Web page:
Art of Neighboring
The Art of Receiving
How good are you at receiving? As followers of Jesus, we frequently talk about the importance of giving. Indeed, as a congregation we are currently gathering groceries to give to families in need for Thanksgiving and we are sending shoeboxes full of toys to children in need around the world.
Growing as a giver is an essential part of what it means to be a Christian. Have you ever considered, however, the necessity of receiving in this life that we share? Before we were ever called to be givers, we were called to receive. The gospel calls us to receive the forgiveness of God and the life that Jesus freely offers.
I find that it is much more challenging to receive than it is to give. It is a humbling experience to depend on someone else and yet the Bible helps us understand that if we are going to fully participate in the life of Christ within our neighborhoods we must not only be givers, but receivers as well. This is the great challenge we will consider from God's Word this weekend as we continue to give ourselves to the "Art of Neighboring."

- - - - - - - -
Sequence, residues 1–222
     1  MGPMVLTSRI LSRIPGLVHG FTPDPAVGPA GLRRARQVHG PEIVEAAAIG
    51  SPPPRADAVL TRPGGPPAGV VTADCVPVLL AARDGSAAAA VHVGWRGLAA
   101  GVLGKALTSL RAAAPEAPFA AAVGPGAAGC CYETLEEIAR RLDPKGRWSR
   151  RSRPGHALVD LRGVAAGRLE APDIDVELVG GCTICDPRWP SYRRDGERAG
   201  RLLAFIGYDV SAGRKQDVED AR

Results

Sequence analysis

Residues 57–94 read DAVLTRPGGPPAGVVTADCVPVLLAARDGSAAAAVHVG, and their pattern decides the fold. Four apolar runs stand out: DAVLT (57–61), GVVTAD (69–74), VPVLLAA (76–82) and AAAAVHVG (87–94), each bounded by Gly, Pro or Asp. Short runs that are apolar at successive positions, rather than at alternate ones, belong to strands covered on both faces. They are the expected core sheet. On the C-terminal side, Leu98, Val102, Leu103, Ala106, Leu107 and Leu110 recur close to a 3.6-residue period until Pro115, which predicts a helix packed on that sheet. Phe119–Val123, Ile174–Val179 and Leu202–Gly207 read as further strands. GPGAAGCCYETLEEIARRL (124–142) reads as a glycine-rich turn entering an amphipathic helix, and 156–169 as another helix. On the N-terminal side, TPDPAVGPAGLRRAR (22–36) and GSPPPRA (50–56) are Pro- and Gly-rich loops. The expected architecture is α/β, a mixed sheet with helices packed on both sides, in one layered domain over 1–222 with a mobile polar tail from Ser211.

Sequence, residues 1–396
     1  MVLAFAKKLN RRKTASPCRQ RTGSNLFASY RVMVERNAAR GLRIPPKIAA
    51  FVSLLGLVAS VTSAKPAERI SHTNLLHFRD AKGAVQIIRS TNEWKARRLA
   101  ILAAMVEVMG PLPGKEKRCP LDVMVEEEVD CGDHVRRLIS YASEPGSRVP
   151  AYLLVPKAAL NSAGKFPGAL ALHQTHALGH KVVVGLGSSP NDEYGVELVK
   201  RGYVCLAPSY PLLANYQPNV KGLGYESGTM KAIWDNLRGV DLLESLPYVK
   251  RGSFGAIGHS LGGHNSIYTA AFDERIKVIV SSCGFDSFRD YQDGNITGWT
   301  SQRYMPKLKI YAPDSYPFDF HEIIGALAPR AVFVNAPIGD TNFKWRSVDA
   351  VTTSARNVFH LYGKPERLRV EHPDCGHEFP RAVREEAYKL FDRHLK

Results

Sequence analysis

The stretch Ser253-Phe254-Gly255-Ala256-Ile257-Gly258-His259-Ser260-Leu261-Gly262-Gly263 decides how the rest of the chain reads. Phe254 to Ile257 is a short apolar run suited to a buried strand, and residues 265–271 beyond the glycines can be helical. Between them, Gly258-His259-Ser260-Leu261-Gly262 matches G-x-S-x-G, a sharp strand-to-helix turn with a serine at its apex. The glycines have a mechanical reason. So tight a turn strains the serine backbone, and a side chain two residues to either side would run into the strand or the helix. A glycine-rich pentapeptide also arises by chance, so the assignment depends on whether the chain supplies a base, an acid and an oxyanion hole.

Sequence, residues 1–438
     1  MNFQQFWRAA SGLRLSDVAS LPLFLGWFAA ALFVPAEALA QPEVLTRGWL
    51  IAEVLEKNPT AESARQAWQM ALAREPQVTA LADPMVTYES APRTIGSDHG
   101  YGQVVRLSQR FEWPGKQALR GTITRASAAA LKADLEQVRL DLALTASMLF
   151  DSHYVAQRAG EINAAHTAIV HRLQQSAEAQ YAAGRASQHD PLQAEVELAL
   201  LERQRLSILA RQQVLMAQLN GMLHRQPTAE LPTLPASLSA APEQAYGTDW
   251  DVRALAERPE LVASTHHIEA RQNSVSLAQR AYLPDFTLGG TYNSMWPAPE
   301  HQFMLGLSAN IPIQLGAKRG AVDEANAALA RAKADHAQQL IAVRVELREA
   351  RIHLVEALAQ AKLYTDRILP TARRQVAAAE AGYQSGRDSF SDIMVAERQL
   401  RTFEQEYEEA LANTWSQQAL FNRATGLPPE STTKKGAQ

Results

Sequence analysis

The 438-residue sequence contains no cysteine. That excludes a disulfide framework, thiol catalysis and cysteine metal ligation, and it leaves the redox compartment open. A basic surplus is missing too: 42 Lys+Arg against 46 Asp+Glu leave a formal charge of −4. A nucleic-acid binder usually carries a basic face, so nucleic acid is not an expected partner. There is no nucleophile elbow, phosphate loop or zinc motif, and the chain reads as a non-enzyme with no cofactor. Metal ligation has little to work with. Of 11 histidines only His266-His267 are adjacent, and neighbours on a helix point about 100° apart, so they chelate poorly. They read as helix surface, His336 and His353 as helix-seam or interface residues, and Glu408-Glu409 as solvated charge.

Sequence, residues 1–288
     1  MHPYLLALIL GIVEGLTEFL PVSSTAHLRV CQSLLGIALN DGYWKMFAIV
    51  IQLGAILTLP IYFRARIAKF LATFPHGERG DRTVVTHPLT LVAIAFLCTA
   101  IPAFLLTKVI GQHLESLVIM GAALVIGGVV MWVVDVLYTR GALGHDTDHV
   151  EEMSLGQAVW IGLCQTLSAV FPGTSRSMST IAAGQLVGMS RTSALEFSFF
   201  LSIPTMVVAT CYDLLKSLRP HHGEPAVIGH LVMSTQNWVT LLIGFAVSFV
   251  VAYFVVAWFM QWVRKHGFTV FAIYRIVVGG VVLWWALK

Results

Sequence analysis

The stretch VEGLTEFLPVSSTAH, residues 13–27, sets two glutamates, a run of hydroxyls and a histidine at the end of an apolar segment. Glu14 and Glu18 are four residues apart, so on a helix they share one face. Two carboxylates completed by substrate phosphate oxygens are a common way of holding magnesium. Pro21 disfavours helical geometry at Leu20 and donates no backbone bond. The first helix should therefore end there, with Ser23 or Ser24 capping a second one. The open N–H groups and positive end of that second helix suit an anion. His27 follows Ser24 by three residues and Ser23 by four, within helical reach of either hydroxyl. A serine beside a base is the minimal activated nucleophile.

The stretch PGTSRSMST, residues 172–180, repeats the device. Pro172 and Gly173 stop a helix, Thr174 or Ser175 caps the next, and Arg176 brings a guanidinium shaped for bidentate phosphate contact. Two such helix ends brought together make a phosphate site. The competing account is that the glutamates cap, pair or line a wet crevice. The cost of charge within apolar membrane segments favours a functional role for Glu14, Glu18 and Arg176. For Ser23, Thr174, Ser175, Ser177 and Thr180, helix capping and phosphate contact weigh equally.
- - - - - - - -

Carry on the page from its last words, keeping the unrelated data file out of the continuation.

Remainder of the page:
Music: "The Church of God Is One" by David Hill; Chancel Choir, Wayne Whitten, director and organ; accompanied by the Academy Brass Quintet
Once upon a time, people knew their neighbors. They talked to them, had cook-outs with them, and went to church with them. In our time of unprecedented mobility and increasing isolationism, it's hard to make lasting connections with those who live right around us. We have hundreds of "friends" through online social networking, but we often don't even know the full name of the person who lives right next door.
This sermon series, based on the book The Art of Neighboring asks the question: What is the most loving thing I can do for the people who live on my street or in my apartment building? Through compelling true stories of lives impacted, the authors show readers how to create genuine friendships with the people who live in closest proximity to them. Our church will continue the discussion from the Sunday message into small groups meeting at various times during the week.